July 27, 2018
Case Name: Amgen Inc. v. Amneal Pharms. LLC, Civ. No. 16-0853 (MSG), 2018 U.S. Dist. LEXIS 125631 (D. Del. July 27, 2018) (Goldberg, J.)
Drug Product and Patent(s)-in-Suit: Sensipar® (cinacalcet HCl); U.S. Patent No. 9,375,405 (“the ’405 patent”)
Nature of the Case and Issue(s) Presented: The ’405 patent is assigned to Amgen and listed in the FDA’s Orange Book as covering Sensipar. Claim 1 of the ’405 patent recites a pharmaceutical composition combining Markush groups of specific excipients, namely, a diluent, a binder, and a disintegrant, in specific amounts, with the active ingredient cinacalcet HCl. The court construed three terms in claim 1 of the ’405 patent. Importantly, it construed the Markush groups for the binder and disintegrant elements as “closed to unrecited binders and disintegrants” and found that “there could be no literal infringement if the Defendants’ ANDA product contained an unrecited (or unlisted) binder or disintegrant.”
Amgen accused defendants Amneal, Watson, Piramal, and Zydus of infringing the ’405 patent by filing ANDAs seeking FDA approval to manufacture, use and/or sell generic versions of Sensipar. The court bifurcated the infringement claims and invalidity counterclaims for trial, and held a four-day bench trial on infringement. The court’s trial order found Amneal, Watson, and Piramal did not infringe the ’405 patent, and that Zydus’s proposed ANDA did infringe the ’405 patent.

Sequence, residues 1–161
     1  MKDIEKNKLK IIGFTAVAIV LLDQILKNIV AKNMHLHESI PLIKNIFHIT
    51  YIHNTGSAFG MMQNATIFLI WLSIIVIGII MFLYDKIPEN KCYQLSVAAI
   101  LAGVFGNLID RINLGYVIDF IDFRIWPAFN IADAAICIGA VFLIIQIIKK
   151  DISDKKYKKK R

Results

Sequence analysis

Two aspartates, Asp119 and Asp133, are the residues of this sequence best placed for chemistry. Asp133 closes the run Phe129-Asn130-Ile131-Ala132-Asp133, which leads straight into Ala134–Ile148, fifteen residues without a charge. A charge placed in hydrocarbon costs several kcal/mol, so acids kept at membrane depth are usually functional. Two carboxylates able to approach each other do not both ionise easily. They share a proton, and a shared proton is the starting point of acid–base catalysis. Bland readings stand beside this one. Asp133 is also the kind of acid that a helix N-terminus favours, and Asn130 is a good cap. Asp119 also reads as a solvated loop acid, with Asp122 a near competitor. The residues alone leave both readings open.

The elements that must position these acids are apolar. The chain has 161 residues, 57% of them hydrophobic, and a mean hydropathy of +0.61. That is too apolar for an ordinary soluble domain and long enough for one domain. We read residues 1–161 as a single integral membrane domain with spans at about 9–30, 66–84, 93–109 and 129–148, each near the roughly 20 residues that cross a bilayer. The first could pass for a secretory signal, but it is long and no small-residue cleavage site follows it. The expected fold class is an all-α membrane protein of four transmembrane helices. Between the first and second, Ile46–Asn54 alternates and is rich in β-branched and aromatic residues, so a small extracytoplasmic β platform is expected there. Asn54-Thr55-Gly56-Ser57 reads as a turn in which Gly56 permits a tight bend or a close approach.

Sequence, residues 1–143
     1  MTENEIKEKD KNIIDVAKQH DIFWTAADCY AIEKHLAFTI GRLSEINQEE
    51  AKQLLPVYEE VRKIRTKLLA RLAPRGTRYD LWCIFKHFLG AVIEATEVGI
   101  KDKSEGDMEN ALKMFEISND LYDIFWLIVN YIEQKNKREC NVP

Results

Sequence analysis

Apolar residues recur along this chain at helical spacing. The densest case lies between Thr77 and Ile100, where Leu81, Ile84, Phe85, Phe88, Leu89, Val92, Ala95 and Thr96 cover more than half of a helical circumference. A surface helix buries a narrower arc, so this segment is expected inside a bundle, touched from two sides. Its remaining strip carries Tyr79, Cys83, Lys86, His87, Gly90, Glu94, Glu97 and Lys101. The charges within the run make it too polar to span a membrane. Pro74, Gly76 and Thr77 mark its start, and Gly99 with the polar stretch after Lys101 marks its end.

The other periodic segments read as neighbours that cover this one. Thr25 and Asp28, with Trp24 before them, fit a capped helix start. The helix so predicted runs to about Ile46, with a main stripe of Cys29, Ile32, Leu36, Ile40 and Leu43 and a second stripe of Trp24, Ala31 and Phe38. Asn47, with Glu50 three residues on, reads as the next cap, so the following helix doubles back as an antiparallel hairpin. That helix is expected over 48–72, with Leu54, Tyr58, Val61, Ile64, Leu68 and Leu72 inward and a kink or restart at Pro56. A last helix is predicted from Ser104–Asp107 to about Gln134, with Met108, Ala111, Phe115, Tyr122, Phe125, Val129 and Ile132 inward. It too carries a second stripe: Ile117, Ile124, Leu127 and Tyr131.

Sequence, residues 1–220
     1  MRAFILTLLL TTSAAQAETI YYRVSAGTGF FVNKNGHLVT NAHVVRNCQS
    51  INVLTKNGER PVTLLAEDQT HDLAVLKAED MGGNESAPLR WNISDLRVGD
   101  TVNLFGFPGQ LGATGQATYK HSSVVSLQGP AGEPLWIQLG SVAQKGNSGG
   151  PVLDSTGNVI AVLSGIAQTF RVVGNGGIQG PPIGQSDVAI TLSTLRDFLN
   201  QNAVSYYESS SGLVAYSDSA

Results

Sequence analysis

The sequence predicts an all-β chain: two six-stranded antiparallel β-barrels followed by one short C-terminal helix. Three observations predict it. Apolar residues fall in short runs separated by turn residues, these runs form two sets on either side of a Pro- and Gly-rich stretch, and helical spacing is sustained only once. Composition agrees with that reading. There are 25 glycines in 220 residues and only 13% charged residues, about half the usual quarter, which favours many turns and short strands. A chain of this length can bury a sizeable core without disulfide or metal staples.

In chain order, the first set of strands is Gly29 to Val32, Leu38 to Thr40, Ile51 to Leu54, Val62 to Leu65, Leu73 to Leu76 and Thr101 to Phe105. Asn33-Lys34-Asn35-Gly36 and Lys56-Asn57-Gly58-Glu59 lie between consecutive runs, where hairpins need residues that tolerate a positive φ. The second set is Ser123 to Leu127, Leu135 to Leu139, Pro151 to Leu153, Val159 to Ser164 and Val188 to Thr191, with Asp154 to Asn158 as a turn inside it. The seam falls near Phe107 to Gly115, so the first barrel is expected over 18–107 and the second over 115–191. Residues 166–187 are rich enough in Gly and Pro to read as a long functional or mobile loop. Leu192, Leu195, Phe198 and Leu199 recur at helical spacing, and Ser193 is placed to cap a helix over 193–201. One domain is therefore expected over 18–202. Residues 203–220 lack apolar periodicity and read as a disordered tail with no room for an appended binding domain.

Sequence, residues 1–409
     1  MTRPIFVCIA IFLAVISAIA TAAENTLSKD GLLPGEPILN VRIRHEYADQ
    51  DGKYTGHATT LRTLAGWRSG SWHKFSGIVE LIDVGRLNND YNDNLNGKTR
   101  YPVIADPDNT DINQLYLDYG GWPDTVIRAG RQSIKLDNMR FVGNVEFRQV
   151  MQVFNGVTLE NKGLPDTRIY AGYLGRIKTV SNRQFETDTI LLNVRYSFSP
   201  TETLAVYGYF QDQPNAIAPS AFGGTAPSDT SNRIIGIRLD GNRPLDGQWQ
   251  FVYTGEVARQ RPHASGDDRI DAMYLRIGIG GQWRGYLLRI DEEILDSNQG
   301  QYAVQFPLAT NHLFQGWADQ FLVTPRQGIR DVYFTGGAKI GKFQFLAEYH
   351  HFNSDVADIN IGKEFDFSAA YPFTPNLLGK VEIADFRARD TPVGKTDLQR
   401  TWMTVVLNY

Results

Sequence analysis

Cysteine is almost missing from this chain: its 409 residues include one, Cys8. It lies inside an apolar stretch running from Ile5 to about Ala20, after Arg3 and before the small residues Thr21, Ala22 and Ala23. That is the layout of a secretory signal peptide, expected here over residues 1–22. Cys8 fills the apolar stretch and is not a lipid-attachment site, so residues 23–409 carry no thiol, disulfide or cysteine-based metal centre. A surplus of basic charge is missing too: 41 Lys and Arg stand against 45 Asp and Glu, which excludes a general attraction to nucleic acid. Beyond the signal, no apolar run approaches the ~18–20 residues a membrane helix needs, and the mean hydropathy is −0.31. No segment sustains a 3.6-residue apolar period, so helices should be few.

Why Amneal, Watson, and Piramal Prevailed: The court found that Amneal’s ANDA did not infringe the binder and disintegrant claim limitations. Amneal’s ANDA contains as its binder an excipient called Opadry. Claim 1 of the ’405 patent does not list Opadry in the Markush group for binders. Amgen nonetheless attempts to prove literal infringement by arguing that Opadry is a pseudonym for hydroxypropyl methylcellulose (“HPMC”), which is a listed binder, and, alternatively, that Amneal’s ANDA infringes under the doctrine of equivalence. Crediting Amneal’s expert over that of Amgen, the court found that a POSA would not consider Opadry and HPMC synonymous. The court also found that Opadry and HPMC have different chemical structures, physical characteristics, binding mechanisms, and commercial sources. With respect to the doctrine of equivalents argument, the court found Amgen’s expert’s opinion conclusory, given without explanation or corroborating evidence, and thus persuasive. Next, Amneal’s ANDA discloses the use of the unlisted disintegrant pregelatinized starch. Amgen therefore argued that the pregelatinized starch in Amneal’s product was not functioning as a disintegrant, but as a diluent. The court rejected this argument because Amneal’s expert explained that Amneal’s ANDA product did not need another diluent, its manufacturing process runs contrary to Amgen’s expert’s opinion, and the ANDA included testing that showed pregelatinized starch in Amneal’s product functioning as a disintegrant.